Each of us must elect a teacher
To whose superior mind we bow,
And yoke to us one fellow creature
To draw in tandem Torah’s plow.

Moreover, each must look with favor
On every other that we see,
Putting upon all their behavior
The best construction that can be:
But where the undesired is proven,
Not suffering the neighborhood
Or partnership of such, but moving
Away, so as to keep the good.

Thus did those early generations
Enjoin all who are bound in awe
Of G‑d, and at their various stations
Uphold the structure of the Law;
Then one pair focused their attention
On those who sit in judges’ place
To chasten crime, resolve contention,
And give each wrong its right redress.

They stressed the need to be objective,
And scrupulously sift each plea,
Not taking either side’s perspective
But viewing both suspiciously;
But then, when they accept the sentence,
Dismissing both as righteous men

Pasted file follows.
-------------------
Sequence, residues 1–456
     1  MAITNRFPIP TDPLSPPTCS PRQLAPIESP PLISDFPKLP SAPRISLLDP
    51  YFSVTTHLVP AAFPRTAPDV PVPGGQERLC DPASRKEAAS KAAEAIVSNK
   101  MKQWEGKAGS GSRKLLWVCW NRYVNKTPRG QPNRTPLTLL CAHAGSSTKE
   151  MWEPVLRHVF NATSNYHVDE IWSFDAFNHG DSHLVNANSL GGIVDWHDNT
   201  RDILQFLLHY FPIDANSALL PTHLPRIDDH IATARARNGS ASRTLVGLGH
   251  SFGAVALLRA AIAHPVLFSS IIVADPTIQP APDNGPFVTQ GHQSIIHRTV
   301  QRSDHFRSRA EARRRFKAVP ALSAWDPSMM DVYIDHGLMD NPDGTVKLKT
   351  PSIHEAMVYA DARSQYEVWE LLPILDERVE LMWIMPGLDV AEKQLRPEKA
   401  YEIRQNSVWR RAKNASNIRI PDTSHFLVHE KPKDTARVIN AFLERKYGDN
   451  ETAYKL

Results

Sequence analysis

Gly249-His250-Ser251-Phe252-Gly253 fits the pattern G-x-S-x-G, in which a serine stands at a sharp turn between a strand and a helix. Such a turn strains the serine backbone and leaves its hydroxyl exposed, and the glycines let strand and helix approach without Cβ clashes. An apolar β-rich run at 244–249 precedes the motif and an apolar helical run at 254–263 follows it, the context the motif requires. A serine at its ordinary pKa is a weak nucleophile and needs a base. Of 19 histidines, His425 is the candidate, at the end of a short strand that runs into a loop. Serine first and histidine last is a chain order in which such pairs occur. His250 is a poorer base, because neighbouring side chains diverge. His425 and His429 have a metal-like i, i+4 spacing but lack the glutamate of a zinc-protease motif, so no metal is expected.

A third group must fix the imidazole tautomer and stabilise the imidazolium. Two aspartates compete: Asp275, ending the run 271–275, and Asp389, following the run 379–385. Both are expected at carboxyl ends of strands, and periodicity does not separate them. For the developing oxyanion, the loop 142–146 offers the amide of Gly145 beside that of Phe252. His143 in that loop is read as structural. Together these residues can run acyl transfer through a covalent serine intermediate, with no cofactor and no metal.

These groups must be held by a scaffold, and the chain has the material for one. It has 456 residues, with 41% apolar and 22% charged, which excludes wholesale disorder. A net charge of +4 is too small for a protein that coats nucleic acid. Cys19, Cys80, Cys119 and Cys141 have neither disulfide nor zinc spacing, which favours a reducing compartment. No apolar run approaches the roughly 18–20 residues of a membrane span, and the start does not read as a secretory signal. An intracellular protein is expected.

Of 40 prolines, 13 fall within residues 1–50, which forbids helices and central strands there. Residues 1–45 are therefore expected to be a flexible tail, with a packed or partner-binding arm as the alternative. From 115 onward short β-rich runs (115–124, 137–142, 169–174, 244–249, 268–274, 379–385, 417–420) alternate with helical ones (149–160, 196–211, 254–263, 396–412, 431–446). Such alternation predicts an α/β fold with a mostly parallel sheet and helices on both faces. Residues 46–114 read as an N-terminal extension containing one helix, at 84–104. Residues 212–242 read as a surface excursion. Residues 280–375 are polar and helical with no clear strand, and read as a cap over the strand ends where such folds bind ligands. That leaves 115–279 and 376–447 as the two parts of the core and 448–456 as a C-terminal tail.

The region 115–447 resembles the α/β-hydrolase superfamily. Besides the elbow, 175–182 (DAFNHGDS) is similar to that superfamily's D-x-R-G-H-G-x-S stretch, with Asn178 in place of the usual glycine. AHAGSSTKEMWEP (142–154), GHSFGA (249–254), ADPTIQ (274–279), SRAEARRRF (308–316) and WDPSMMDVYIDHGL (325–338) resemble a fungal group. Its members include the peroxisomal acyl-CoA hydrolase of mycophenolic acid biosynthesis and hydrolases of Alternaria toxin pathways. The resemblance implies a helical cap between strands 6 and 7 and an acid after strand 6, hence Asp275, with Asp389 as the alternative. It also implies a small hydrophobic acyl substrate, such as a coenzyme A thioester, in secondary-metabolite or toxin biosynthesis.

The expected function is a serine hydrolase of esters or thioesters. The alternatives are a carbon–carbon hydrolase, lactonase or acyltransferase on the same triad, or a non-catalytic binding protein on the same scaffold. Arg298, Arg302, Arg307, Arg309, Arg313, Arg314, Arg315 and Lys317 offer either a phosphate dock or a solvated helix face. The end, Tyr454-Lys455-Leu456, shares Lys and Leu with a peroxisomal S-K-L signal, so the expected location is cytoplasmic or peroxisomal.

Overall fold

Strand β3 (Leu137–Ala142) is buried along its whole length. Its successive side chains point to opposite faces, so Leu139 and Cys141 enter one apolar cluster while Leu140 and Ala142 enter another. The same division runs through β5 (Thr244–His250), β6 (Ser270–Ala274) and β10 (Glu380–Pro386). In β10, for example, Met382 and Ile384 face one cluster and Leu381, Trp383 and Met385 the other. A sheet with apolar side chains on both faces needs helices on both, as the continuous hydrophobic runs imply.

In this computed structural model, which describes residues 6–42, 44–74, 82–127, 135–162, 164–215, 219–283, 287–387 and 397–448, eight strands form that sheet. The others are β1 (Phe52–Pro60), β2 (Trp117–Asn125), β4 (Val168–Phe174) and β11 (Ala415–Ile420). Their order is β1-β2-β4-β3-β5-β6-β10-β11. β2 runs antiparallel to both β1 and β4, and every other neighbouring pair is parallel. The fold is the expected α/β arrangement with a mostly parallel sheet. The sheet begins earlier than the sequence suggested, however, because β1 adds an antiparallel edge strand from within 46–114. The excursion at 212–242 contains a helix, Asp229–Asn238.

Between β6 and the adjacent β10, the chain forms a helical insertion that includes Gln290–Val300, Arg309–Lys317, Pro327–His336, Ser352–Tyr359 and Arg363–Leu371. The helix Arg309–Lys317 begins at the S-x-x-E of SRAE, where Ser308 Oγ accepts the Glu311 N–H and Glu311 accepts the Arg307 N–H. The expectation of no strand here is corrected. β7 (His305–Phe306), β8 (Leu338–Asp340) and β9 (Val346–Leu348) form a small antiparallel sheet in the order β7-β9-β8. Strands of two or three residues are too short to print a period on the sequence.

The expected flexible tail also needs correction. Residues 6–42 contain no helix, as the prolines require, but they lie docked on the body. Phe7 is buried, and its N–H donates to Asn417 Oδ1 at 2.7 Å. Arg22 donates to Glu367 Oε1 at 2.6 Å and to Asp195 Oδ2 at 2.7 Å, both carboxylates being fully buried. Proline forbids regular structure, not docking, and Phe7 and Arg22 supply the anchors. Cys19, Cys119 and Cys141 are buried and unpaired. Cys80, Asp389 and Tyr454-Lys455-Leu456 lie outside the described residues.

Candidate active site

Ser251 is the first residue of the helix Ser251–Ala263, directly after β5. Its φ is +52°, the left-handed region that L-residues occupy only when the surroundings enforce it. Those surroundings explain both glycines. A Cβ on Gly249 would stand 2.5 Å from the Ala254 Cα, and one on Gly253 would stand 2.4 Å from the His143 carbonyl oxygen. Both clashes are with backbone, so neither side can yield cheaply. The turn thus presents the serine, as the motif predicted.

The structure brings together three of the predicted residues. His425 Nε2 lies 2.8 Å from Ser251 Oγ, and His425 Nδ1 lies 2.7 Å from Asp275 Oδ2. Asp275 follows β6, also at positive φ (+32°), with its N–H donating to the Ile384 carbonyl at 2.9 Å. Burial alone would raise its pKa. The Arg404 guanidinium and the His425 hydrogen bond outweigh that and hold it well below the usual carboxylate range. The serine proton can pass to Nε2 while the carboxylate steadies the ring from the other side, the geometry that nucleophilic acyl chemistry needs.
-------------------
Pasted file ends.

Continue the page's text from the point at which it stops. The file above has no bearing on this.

Clear of all fault, the way repentance
Allows us to begin again.

The pair that followed them, adverting
To scholars of some excellence,
Cautioned such men against asserting
Their rank in idle dominance
And bade them at some trade to labor,
Though arduous and of humble kind,
And seek from ruling powers no favor
But to their words pay careful mind

Lest doom of exile be their portion
And students following after them
Drink bitter streams that breed distortion
And profanation of the Name—
Thus taught Avtalyon and Shemayah,
Two of obscure, even foreign birth,
Who knew the low may be the higher,
And rank no certain guide to worth.

Then, from their beit midrash [study hall] emerging,
Came Hillel and also Shammai,
Both of whose words, although diverging,
A heavenly voice did ratify
From the Living One, whose operation
Is seen in ways both stern and kind,
But ’tis Hillel, the meek and patient,
Whose rule we have, for now, to mind.

The way of Aaron he commended,
Who loved shalom and peace pursued,
Who Jews of every sort befriended
And by such love their love renewed
For the Torah as at its making,
With nothing lost to compromise:
Of one another counsel taking,
At such endeavors strain the wise,

In good each other emulating,
Yet each content with lowly state,
Not even a teacher’s name inflating,
Lest good be swallowed up in great.
Yet not through modesty refraining
From novel flashes of insight,
Nor, all too close, that gift retaining